At Tango-Victor-Tango, one of the tropes I’m least fond of are the “artistic license” ones: inaccuracies committed for the sake of story, in their own words. Tropes seem to love these, because it gives them a chance to show off their own knowledge and intellect. In Hai-Furi, it is supposed that because Japan was involved in the mining of methane hydrate (simply, methane crystallised into a ice-like material as a result of pressure extremities), their economy was stable and therefore, there was never any need to engage in any expansionism. However, Japan became highly dependent on the mining and sales of ice hydrates to the point where they over-mined, causing Japan to sink. Myssa Rei immediately posted the “artistic license” trope under geology, stating that:

The explanation given by Mashiro’s mother for the reason for the subsidence of Japan’s landmass being partly due to the over-mining of the undersea deposits of Methane Hydrate doesn’t make any sense. There’s a chance that she was genuinely misinformed, however.

  • There was actually one more myth I was originally looking to write about in this post – shortly before the first episode aired, a blog post argued that all of the characters’ nicknames had been based on popular cat names in Japan. I ended up asking for a source to prove this and received a link for a pet name ranking for dogs, dated for 2018. The names “Mike” and “Shiro” do not even appear in 2018, so that myth was so busted, it didn’t merit a full entry. As it stands, Akeno and Mashiro are not named after cats.

  • As Hai-Furi wore on, it became apparent that my speculations were consistent with what ended up occurring, and I found the series to be more than it let in on. Looking back at the discussions at various forums, it became clear that they were likely the reason why Hai-Furi had not been enjoyable for some: people spent more time arguing the withertoos and whyfores that the series original themes, which Yoshida had touched in in her interview, were completely forgotten. In my finale post, I praised the series for having a clear theme despite the hurdles the plot faced, noting that the inaccuracies and liberties taken did not detract from the messages of trust and teamwork even if they had been numerous.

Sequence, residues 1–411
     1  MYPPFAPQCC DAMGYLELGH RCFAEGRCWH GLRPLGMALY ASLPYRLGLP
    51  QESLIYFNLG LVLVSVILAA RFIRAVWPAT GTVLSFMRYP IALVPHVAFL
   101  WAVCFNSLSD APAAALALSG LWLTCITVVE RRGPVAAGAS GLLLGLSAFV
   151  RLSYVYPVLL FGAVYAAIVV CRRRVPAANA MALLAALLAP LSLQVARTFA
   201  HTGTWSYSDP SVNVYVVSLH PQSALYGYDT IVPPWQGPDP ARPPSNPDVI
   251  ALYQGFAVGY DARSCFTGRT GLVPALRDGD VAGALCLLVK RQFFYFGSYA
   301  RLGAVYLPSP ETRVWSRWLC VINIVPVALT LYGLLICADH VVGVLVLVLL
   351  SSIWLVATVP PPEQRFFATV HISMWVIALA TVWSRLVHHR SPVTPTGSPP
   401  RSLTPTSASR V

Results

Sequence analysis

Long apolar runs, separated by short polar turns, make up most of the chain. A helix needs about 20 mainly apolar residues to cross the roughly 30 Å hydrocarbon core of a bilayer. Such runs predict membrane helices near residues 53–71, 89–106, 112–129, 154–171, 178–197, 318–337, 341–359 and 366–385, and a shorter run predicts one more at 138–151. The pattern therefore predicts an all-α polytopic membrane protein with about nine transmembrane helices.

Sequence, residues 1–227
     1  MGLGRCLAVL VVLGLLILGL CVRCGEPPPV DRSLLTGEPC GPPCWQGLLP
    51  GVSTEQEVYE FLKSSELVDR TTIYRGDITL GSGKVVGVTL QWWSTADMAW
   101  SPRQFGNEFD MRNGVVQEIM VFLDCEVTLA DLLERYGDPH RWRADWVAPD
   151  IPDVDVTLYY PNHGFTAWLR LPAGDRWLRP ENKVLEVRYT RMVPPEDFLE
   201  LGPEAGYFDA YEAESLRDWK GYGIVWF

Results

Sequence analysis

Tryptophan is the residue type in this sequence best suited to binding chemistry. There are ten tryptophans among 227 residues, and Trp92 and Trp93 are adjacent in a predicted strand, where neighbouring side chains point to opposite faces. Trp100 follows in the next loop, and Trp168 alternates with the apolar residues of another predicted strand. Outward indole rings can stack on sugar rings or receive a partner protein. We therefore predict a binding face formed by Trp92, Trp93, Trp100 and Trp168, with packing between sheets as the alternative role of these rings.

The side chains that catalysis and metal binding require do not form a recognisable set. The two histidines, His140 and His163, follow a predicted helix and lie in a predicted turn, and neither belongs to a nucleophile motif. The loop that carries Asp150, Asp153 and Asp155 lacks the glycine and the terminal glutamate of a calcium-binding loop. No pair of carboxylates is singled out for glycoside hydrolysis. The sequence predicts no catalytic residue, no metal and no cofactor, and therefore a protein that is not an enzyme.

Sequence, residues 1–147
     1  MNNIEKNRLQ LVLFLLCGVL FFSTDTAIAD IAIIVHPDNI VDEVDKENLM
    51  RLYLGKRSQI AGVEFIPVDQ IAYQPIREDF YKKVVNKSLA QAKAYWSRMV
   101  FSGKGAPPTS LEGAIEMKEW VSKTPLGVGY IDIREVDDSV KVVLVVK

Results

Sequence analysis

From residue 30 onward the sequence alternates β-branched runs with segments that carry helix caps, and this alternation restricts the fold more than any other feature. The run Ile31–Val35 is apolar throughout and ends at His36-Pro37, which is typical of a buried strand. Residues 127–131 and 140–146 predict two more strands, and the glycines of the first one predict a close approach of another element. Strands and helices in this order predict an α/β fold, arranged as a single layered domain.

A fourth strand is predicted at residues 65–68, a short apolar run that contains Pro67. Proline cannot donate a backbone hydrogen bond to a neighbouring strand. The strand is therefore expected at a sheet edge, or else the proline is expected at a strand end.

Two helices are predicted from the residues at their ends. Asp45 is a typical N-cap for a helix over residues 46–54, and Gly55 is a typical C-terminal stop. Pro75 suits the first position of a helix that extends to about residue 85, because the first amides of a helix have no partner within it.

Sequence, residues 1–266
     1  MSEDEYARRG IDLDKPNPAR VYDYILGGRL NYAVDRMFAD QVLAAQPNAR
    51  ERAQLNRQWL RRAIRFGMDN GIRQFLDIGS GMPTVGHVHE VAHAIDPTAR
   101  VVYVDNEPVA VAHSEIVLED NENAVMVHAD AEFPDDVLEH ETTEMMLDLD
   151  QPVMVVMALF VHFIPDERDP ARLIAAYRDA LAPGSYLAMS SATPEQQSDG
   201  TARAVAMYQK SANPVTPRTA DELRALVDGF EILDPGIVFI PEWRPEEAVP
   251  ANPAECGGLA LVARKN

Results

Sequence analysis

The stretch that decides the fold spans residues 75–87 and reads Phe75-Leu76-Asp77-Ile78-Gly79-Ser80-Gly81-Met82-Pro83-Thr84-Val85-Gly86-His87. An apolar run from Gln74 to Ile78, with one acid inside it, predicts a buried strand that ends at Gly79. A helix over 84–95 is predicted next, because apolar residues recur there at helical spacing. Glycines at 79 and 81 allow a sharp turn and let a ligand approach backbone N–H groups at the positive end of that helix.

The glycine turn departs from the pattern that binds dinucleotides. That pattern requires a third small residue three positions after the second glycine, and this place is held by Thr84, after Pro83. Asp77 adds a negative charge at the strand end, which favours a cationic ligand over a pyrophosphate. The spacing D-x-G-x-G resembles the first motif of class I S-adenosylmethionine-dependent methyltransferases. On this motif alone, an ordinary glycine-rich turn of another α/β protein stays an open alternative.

• However, in retrospect, beyond the mechanism for the Totalitarian Virus, everything else in the series stands up to scrutiny: Hai-Furi is not realistic by any means, but how the world was presented was sufficiently well thought-out that the story did work despite the fact that the series felt distinctly cobbled-together. Once the finale to Hai-Furi ended, many of AnimeSuki’s most active participants did not show up for the OVAs or film that followed. In the aftermath, I ended up working with another netizen to iron out the remaining issues at Tango-Victor-Tango. This individual was an active editor there, and I would help them with writing out the Hai-Furi page such that all of the speculation and outdated information sourced from image boards were removed.

  • This is the overhead view of Japan that led me to conclude that Hai-Furi‘s geography had resulted from a mining accident, rather than a global rise in sea levels. As it stands, I believe the four myths discussed, and busted, in this post are likely the main details I wished to address. The Totalitarian Virus is a central part of the story and therefore, one’s reception to that is a more accurate determinant of whether or not Hai-Furi would be enjoyable for them. That is to say, dismissing Hai-Furi on account of a torpedo’s damage, whether or not it lined up with The Hunt for Red October, plausibly explained away heavier-than-air flight or was realistic in its geological description of the mining disaster is to be mistaken.

  • Admittedly, re-watching Hai-Furi without any of the forum drama going on is how I prefer to watch this series. It’s now time to finish busting the last myth, finish off this post (which has reached 6649 words in length and took seven hours to write altogether), and then return to regularly scheduled programming: immediately on the horizon is Wednesday’s post for the tenth Road to Berlin post, and I need to get a move on the post for Halo 4, having beaten it last Thursday.